Play your part
As a player, you have a number of responsibilities when it comes to anti-doping matters.
If you are in a registered testing pool, it is important that you are available for testing when required at a given time and place, seven days a week, as well as at all training sessions and competitions.
You are responsible for providing information on your whereabouts (where you will be and when) to the anti-doping authority whenever they ask you for it. If they attempt to test you based on the information you have provided and you are not at the indicated location and at the indicated time, you will face similar consequences as if you had tested positive for a prohibited substance.
Refusing to take part in a doping control can lead to the same consequences as a positive test. If you refuse to take a test when notified, you must provide the reason why on the relevant form and inform the governing body as soon as possible.
If you fail to submit a sample or refuse, evade or tamper with any part of a doping control, it counts as an anti-doping rule violation and can result in you being banned for up to four years.
The fight against doping in football needs everyone to play their part. If you have seen or have reason to believe that someone else has committed an anti-doping rule violation, you have a duty to flag it up using FIFA’s doping reporting mechanism.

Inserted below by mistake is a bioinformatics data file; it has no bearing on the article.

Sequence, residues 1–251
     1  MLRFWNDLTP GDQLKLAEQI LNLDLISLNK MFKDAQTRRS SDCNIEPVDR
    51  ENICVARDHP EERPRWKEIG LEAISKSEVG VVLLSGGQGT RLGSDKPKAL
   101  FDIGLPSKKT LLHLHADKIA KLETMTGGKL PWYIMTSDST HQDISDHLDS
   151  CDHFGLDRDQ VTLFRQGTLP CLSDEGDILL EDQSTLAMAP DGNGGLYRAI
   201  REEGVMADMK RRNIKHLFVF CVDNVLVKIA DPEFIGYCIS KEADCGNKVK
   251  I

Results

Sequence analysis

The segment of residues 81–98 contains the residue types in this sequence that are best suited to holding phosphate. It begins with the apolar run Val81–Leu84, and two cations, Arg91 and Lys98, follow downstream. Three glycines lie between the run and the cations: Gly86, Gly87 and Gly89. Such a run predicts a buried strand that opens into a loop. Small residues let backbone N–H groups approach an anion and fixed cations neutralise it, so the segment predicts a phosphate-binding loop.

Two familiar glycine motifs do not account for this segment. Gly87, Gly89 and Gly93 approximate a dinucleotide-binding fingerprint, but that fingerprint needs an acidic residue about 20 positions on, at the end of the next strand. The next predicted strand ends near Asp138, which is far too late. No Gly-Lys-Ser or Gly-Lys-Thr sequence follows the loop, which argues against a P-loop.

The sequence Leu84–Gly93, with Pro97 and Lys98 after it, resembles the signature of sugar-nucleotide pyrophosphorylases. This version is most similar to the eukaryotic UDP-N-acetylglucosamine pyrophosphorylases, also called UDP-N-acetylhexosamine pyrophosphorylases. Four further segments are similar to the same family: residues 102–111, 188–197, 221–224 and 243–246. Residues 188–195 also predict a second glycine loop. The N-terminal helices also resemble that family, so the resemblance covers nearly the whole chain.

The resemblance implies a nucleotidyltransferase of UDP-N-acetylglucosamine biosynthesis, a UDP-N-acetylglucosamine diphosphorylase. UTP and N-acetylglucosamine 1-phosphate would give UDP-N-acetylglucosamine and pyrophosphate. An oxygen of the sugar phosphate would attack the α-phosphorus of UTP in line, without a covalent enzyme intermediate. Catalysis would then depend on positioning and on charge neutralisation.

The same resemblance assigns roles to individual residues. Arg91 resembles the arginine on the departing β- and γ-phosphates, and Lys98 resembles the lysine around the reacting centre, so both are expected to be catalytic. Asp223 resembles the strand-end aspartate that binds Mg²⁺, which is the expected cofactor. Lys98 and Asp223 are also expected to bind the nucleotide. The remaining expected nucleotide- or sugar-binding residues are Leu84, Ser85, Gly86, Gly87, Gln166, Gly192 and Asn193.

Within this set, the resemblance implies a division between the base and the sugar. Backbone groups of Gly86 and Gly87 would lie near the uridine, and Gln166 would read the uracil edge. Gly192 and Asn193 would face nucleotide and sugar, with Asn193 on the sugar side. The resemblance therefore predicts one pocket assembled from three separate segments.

The one person you can trust above everyone else is you. That is why you should consult WADA’s Prohibited List yourself rather than rely on others to know what you can and cannot take.
If you are ever in doubt about whether or not the ingredients of any food, drink, supplement or medication are allowed, do not take it. Always double-check: do your own research, like checking the Global Drug Reference Online (DRO), and ask for second opinions.
If you are found to have broken the anti-doping rules, wrong advice from a doctor is not a valid excuse and will not save you from the consequences.
Remember: YOU are responsible for what goes into your body.